Dressing Up for the Carnival: A Portrait of Carol Shields May 2023

First broadcast in the UK in May 2002, BBC4 are now re-broadcasting our film profile of Canadian Writer Carol Shields, at 22:30 on Monday 1st May 2023. A slightly shorter version of this programme,  Life & Times of Carol Shields, was broadcast in Canada by CBC in March 2021 and was a reviewed by the Globe & Mail, Canada’s national newspaper.

Great Noises that Fill the Air October 2021

The British Film Institute (BFI) has recently (October 2021) released a 2-Disc DVD Set of films originally produced for the Arts Council between 1978 and 1996, including Malachite’s Music in Progress: Mike Westbrook - Jazz Composer. 

In the second half of the twentieth century Arts Council funding enabled independent filmmakers to push hard at the creative boundaries of documentary production, enabling an eruption of diverse, dynamic, cutting edge works able both to stimulate the intellect and enflame the senses. 

From the streets of Brixton and Manchester, via leafy suburbs, to junk yards, punk venues and inner-city community centres, this carefully curated selection documents, celebrates and showcases an eclectic mix of music, poetry and spoken word performance, in a collection of film and video works made between 1978 and 1996, and rarely seen since. 

By turns poetic and impressionistic, personal and experimental, these bold works all highlight the potential of documentary to challenge, celebrate, excite, fight and inspire.

You can buy a copy from the BFI here

In their October 2021 issue, UNCUT magazine reviewed the DVD set with some favourable comments on our film:

This grab bag of Arts Council Of England arts documentaries from the late ’70s to the mid-’90s aspires to capture the great noises of the second Elizabethan era. From Linton Kwesi Johnson filmed in Brixton in 1979, to John Cooper Clarke in Manchester in 1982, via the radical compositions of Cornelius Cardew, the cultural fusion of Asian Dub Foundation and the brass band fantasia of Mike Westbrook, the collection looks, on the face of it, like a testament to a gloriously various lost age of state-funded arts programming, capturing the moment of punk cabaret, early Channel 4 and arts centre metal bashing.

More germane and the most charming discovery here is Charles Mapleston’s 1978 film about Mike Westbrook, following his eccentric big band as they bring their curious jazz compendium of William Blake, Bertolt Brecht and Billie Holiday to shopping centres and concert halls across Europe. Like Robert Wyatt or John Peel, Westbrook and his band feel like one of those uncanny confluences of postwar English culture, bringing together pop, prog, avant-garde, folk and jazz in way that feels uniquely, beautifully of its time and place.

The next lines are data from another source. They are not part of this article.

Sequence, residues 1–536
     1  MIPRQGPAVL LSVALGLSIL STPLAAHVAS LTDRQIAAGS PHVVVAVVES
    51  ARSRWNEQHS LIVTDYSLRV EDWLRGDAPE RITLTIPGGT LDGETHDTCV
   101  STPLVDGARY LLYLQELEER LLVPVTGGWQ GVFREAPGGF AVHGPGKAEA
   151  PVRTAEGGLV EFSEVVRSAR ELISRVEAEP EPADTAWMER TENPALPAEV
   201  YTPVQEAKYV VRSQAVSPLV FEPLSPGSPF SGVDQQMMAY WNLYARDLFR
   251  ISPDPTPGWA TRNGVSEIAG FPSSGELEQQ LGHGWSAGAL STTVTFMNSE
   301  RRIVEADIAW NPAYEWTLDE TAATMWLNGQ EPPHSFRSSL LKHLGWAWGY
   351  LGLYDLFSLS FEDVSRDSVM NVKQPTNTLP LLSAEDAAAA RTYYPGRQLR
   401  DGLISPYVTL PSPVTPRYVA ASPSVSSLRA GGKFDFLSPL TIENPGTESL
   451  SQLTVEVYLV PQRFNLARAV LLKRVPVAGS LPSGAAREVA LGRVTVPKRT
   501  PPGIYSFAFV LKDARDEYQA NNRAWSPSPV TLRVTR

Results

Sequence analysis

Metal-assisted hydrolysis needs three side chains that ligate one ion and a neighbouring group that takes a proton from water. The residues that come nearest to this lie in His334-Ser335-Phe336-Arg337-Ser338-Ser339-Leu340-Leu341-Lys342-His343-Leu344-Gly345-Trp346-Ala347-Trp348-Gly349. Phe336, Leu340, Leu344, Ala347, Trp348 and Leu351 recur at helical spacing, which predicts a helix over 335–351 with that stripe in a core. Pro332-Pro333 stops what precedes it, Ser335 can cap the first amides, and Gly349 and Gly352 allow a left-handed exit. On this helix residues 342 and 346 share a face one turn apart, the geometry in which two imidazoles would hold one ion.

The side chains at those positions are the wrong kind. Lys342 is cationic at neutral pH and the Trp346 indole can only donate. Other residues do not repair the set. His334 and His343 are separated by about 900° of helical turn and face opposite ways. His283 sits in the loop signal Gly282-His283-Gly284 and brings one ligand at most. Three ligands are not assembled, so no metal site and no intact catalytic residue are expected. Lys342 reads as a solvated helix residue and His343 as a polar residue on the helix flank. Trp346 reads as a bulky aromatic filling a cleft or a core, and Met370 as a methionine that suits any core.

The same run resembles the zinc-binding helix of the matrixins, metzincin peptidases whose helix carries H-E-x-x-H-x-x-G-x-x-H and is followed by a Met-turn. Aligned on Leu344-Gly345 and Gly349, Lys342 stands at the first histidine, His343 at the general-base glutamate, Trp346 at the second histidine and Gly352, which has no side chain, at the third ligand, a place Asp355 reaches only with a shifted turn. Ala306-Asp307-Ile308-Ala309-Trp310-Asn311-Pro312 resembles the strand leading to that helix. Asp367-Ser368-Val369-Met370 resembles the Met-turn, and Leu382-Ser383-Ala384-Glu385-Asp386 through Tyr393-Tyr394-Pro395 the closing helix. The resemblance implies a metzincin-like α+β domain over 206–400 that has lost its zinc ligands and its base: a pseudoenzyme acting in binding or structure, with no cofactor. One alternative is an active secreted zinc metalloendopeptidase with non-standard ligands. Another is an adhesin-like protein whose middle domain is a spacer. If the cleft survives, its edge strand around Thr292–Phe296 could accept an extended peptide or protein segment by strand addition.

You can read the full review here

Don’t Fence Me In at British Library 11 January 2018

After our successful Premiere screening at the British Library (see below) the DVD, featuring Don’t Fence Me In plus two additional films and two Slide Shows is now available. Total running time 170 minutes. The price is £10 + post & packing (UK £2).

To buy a copy, email us with your name and postal address and either send us a PayPal payment e.g. UK or request us to send you a PayPal invoice.

The premiere screening of Don’t Fence Me In - Fay Godwin’s Photographic Journey was held at the British Library Knowledge Centre on Thursday 11 January 2018.  The 250 seat theatre was sold out and the audience included such luminaries as Margaret Drabble, Richard Ingrams, Ian Jeffrey, Peter Melchett and Brett Rogers.


The film was introduced by three speakers, Dr Geraldine Alexander, Charles Mapleston and Colin Ford CBE.  The Godwin scholar Geraldine Alexander explained why the Godwin archive resides in the British Library and placed it within the context of similar photographic archives.  Charles Mapleston, the filmmaker, worked with Godwin from 2001 to 2005 which turned out to be the last five years of her life; she appeared to have enjoyed the process, explaining her working methods and her campaigns - an entire career retrospective.


He explained the format of the DVD - the main film concentrates on Godwin in her own words.  There are two supplementary films: Talking about Fay Godwin weaves together interviews held with those who had worked with the photographer, and Cameras and Chemistry, in which Fay Godwin’s technical explorations and methods and their impact on her work, from Agfa Rapid papers to the Zone System, are discussed and analysed; also included are B&W and Colour Slide Shows of her photographic work.